A 26-foot-long, 8-foot-wide, 10-foot-tall building with 250 square feet of living space might not seem like much. But for IU employee Charla Stonecipher, this tiny house was the solution that allowed her to pursue a job opportunity at Indiana University.
In 2014, Stonecipher was living in Borden, Indiana, and commuting to her job at IU Southeast when she was offered a new position that would require her to relocate to Bloomington.
While she didn't want to uproot her husband and their three children, she felt the opportunity was too good to pass up. So she began searching for ways to make it happen.
Her husband, Don, had been following the tiny house movement for a few years and had been wanting to build one. When she decided to accept the job in Bloomington, a tiny house had a purpose.
For the first year, she rented a house in Bloomington while they worked on the tiny house, which they built using the base of a RV trailer that had burned. They both came into the project with construction knowledge: Stonecipher had served as a volunteer on several Habitat for Humanity Women Builds, and her husband is a master woodworker and previously worked as an electrician. But they still had a lot to learn along the way.
"Sometimes you look at a project and think it's hard, until you actually do it," Stonecipher said. "And then you realize it's not as hard as you thought it would be."
Five months later, on Thanksgiving weekend, they hooked the four-room tiny house to a truck and drove it to a mobile home community on the southwest side of Bloomington, where Stonecipher has been spending her weekdays for the past year and a half.
Sometimes she travels home on the weekends, and sometimes her family visits her, using the extra lofted sleeping area in her home.
"I have learned that you can get by with much less than you think," she said. "I am more mindful about what I am buying and if I really need it."
Growing and learning
Stonecipher's role with IU has transitioned since she originally took the job, and now she supports four different administrators as an administrative assistant in the Office of the Executive Vice President for University Academic Affairs while also coordinating programs for IU's Faculty Academy on Excellence in Teaching.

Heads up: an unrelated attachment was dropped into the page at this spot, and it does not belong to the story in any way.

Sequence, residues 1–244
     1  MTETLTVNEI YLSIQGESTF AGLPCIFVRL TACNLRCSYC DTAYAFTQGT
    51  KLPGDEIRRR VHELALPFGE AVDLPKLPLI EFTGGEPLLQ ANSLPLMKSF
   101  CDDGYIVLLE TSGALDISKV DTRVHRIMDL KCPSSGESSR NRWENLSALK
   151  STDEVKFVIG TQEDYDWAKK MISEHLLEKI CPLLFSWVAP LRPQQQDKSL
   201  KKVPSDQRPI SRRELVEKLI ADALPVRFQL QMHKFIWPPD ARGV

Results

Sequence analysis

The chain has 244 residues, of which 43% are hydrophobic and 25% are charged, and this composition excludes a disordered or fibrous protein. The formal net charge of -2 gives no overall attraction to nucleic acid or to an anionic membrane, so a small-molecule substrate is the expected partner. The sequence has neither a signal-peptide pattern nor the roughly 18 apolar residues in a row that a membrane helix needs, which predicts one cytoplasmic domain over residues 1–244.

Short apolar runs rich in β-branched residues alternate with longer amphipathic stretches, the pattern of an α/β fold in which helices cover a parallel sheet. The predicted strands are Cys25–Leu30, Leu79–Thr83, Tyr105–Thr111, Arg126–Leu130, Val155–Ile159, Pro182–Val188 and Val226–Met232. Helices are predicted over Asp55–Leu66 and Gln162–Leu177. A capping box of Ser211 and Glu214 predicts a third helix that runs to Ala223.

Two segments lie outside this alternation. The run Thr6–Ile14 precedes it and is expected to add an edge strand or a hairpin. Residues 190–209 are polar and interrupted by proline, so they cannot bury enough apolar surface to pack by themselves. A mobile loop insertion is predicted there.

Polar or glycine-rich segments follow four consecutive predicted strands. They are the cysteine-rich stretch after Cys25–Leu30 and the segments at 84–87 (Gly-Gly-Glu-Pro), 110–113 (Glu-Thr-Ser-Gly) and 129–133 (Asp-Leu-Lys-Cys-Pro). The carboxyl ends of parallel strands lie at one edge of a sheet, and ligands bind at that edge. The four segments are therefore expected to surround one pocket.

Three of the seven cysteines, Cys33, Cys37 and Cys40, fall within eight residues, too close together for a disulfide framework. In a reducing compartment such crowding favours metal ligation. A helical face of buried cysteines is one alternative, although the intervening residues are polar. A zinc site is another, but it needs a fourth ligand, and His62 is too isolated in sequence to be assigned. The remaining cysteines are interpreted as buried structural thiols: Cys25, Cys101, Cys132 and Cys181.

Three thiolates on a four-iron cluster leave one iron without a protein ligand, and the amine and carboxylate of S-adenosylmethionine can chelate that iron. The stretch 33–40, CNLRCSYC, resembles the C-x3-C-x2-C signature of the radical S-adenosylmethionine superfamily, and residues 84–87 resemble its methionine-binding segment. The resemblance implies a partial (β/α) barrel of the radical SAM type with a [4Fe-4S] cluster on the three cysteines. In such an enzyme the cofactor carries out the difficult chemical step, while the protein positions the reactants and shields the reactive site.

Also since moving to Bloomington, she has completed her bachelor's degree, something that has been a goal of hers for most of her adult life.
Starting a family at the age of 19 put a hold on her educational goals, but when her husband was injured on the job, she went back to work to support their family. At 40, she realized she desperately wanted to get her degree.
"I'm a first-generation college student; no one in my family went to college," Stonecipher said. "I found myself in a position where I couldn't afford to go back to school on my own, and I was intimidated by applying for grants or scholarships."
And then she took her first position at IU.
"The tuition benefit was my open door to being able to complete my degree," she said. "Working in a higher-ed position was amazing and motivating for me, and I was able to accomplish my dream of finishing my education."
Over the course of 10 years while working full time, she earned her bachelor's degree. She completed half of her credits on the IU Southeast campus, and she finished the remaining credits online through IU East once she relocated to Bloomington.
"The flexibility of the online program was amazing for me," she said. "I'm so thankful IU made the online program a priority, and I'm a prime example of someone who was able to finish their education because that was available.
"Now I have an IU degree! And IU has a really special place in my heart because they made that happen," Stonecipher said.